Your cat is part of your family and cherished memories of your feline friend are something you will thank yourself for years to come. You may even frame a perfect picture or commission a cat portrait that you can hang in your living room or bedroom forever. But when it comes to taking pictures of cats, it’s not as easy as just pointing and shooting with your phone. Below, you can find a few tips on how to take the best photo of your cat.
Get Down on their Level
This will help you better capture your cat in its entirety, her facial expressions are also best seen from this position. Get down on the ground, or if your cat is on a piece of furniture, sit on a chair in front of them. Don’t take a photo of their back or tail as the centerpiece but focus on what makes them special, which is most often their face.
Use Natural Light Whenever Possible
For the best photo, find a room with lots of natural light coming in from a window. If it’s a sunny day, you can even try to take your cat outside. If you must use artificial light, try not to use the flash as it can startle your cat and cause red-eye. It is best to ditch artificial light altogether but if you have to use it, add it at the front of your cat at an angle of approximately 45 degrees. This angle is best for capturing portraits but anything between 15 and 70 degrees works fine, you won’t need to measure it strictly.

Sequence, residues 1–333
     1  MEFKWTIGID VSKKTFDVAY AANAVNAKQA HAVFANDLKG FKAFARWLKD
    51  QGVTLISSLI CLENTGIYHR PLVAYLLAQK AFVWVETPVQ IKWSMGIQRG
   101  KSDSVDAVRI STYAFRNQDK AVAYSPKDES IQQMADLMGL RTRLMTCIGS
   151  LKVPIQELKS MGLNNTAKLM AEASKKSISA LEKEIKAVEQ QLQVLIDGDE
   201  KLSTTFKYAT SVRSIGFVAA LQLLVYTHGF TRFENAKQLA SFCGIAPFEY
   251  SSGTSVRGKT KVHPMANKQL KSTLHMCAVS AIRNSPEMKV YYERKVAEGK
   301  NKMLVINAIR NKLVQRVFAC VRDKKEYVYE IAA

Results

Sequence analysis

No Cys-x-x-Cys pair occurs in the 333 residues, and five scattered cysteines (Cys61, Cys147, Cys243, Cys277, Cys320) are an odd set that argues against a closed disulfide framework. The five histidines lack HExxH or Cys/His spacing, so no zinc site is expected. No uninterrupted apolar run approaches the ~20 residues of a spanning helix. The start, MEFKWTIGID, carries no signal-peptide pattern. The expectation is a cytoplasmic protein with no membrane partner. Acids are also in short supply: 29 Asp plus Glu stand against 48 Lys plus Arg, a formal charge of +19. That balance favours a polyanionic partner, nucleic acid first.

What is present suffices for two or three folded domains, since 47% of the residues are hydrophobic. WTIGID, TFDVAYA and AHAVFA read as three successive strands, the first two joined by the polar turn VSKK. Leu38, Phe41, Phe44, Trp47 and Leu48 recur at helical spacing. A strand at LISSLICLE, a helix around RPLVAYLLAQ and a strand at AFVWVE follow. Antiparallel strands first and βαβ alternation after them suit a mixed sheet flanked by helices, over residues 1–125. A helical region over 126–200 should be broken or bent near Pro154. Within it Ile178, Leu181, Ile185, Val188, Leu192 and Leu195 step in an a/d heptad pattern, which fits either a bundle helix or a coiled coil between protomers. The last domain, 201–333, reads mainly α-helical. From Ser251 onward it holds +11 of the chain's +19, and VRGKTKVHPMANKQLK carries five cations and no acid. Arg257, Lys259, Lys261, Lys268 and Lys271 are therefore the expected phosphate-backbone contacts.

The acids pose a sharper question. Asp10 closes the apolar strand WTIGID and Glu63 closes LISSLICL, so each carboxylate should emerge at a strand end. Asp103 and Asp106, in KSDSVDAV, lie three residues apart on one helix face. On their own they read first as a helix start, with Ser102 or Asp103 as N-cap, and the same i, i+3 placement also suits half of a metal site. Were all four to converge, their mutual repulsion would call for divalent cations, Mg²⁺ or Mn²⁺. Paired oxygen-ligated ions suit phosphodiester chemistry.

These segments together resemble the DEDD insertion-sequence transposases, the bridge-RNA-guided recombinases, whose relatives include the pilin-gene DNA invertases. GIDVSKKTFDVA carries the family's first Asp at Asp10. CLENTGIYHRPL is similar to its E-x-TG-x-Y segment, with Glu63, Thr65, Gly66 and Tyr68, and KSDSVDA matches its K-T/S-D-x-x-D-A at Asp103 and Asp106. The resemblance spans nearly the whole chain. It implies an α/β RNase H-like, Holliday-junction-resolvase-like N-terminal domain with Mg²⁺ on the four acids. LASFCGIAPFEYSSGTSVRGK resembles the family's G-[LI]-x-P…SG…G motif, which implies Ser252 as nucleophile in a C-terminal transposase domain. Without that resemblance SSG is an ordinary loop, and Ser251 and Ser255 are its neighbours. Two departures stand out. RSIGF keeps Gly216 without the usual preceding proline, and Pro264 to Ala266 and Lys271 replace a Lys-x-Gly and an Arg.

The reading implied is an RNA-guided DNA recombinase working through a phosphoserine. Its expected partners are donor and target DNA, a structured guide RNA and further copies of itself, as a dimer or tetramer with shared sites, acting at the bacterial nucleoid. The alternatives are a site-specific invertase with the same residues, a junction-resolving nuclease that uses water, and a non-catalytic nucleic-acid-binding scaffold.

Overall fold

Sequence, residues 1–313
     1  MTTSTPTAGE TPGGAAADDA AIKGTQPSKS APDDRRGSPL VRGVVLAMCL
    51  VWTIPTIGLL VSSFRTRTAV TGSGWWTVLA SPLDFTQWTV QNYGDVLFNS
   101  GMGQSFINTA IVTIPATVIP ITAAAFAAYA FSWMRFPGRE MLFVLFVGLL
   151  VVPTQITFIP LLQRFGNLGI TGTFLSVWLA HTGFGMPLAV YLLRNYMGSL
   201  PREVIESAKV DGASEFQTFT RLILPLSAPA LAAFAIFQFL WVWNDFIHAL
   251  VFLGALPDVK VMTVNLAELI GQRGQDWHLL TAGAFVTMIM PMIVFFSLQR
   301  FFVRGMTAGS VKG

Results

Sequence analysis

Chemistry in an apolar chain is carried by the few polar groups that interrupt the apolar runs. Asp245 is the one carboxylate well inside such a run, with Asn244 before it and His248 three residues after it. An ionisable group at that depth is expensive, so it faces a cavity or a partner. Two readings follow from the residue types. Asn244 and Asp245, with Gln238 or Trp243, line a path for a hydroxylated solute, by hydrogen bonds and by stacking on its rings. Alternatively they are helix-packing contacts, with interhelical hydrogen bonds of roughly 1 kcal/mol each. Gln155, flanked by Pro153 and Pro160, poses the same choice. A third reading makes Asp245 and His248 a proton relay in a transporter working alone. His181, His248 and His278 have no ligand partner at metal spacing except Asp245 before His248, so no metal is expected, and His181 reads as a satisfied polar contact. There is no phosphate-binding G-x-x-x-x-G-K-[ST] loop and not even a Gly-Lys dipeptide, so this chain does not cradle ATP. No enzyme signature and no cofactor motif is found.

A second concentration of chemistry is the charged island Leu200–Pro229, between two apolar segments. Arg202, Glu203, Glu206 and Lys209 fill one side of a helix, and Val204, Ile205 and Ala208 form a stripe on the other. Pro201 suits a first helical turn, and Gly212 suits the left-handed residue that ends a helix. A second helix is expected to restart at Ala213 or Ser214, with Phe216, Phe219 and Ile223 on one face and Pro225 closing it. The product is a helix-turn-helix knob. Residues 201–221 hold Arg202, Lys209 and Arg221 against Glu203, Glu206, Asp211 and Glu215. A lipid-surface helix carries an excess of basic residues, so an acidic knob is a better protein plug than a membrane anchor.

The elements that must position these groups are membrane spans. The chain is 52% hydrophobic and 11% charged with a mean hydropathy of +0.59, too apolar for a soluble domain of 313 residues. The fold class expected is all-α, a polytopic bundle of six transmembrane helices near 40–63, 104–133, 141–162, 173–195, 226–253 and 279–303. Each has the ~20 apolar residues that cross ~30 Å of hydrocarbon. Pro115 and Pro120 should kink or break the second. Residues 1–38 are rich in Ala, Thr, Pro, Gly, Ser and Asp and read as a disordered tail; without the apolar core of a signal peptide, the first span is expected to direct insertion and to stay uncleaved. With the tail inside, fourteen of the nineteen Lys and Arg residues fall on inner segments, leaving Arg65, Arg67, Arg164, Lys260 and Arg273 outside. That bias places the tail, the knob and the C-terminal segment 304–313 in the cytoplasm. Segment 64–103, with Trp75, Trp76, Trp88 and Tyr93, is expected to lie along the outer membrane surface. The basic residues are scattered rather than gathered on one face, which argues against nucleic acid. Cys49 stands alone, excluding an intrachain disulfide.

Get Close to your Cat
You can use Zoom on your phone or camera but getting closer to your cat will almost always result in a better photo. If you’re using your phone, get as close as you can without getting your finger in the way. If you have a point-and-shoot camera or DSLR, use the macro setting if you have one. If not, get as close as you can without losing focus. Here’s another guide for black cat photography.
Focus on the Eyes
The eyes are the windows to the soul, and that goes for cats too. If your cat is facing the camera, focus on the eyes. If your cat is not facing the camera, you can still focus on the eyes by using the rule of thirds. This means you want the eyes to be in the top third or left third of the photo. If you’re using your phone, you can tap on the screen where you want the camera to focus.
Use Props Wisely
A toy or treat can help get your cat’s attention and result in a cuter photo. If the photo is taken so that it can be turned into a watercolor portrait, use the prop that is dearest to your cat. You can also be that prop if you want to capture a moment of you two together! In that case, the same rules apply to the use of natural light and positioning.